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Probability &

Probability Distribution

Dr. T. T. Kachwala
Definition of Probability

The Probability of a given event is an expression of


likelihood of occurrence of an event in an Experiment.

Event is an outcome of an Experiment.

Experiment is an activity that generates the outcome.


Definition of Probability

In theory of Probability, we use the term Random Experiment because the


outcome is random.

Sample Space is a set corresponding to all the possible outcomes of an


experiment. For example S = (H,T) for a game of tossing a coin.

Event is a subset of Sample Space; for example event H in a game of tossing a


coin.

There are different type of Events one encounters in theory of Probability; for
example mutually exclusive events, independent events, dependent events,
equally likely events, & collectively exhaustive events.
Mutually Exclusive Events
Two events are said to be mutually exclusive or disjoint when both cannot
happen simultaneously in a single trial. In other words, the happening of
one precludes the happening of another and vice versa.
Examples; (i) if a single coin is tossed either head can be up or tail can be
up, both cannot be up at the same time, (ii) a person may be either alive or
dead at a point of time; he cannot be both alive as well as dead at the
same time, (iii) when a die is tossed any of the six faces may be up; the
different cases are thus mutually exclusive because no two faces can be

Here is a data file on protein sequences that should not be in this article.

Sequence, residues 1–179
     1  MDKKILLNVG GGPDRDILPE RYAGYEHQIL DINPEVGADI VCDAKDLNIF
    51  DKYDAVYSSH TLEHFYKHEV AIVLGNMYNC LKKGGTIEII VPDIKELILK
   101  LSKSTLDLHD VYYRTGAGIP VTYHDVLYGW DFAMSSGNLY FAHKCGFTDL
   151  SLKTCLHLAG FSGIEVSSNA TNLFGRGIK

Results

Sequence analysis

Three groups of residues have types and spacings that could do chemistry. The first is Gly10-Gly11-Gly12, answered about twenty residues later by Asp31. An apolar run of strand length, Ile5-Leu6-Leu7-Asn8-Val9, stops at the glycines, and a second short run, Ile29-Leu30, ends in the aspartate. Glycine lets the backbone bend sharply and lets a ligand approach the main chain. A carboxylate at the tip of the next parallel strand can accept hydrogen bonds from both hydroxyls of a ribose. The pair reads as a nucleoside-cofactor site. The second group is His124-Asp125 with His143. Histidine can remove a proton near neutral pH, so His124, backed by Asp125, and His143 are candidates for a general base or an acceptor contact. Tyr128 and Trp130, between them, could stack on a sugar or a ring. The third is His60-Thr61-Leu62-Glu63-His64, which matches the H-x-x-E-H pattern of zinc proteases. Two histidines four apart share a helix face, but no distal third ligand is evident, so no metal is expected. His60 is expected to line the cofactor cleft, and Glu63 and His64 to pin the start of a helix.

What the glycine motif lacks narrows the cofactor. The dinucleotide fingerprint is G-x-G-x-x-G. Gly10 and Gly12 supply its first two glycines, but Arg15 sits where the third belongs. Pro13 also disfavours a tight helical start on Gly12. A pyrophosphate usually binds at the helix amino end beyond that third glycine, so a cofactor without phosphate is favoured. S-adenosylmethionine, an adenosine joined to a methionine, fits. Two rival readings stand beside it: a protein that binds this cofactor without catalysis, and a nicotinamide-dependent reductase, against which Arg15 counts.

uppermost at the same time.
Symbolically, if A and B are mutually exclusive events, then P(AB) = 0.
Independent Events

Two or more events are said to be independent when the


outcome of one does not affect, and is not affected by the
other.
Examples; (i) if a coin were tossed twice, the result of the
second throw would in no way be affected by the result of the
first throw, (ii) the results obtained by throwing a die are
independent of the results obtained by drawing an ace from a
pack of cards.
Dependent Events

Dependent events are those in which the occurrence or non-


occurrence of one event in any one trial affects the probability of
other events in other trial.
Examples; (i) if a card is drawn from a pack of playing cards and is
not replaced, this will alter the probability that the second card
drawn is, say an ace. (ii) the probability of drawing a queen from a
pack of 52 cards is 4/52. But if the card drawn (queen) is not
replaced in the pack, the probability of drawing again a queen is
3/51 (Because, the pack now contains only 51 cards out of which
there are 3 queens).
Equally Likely Events

Events are said to be equally likely when one does not occur
more often than the others.

Example; if an unbiased coin or die is thrown, each face may


be expected to be observed approximately the same number
of times in the long run.
Collectively Exhaustive Events

Two events A and B are collectively exhaustive if between


them they cover all the possible outcomes of an experiment.

Example; in a game of tossing a coin, events head and tail are


collectively exhaustive.
Classical Theory of Probability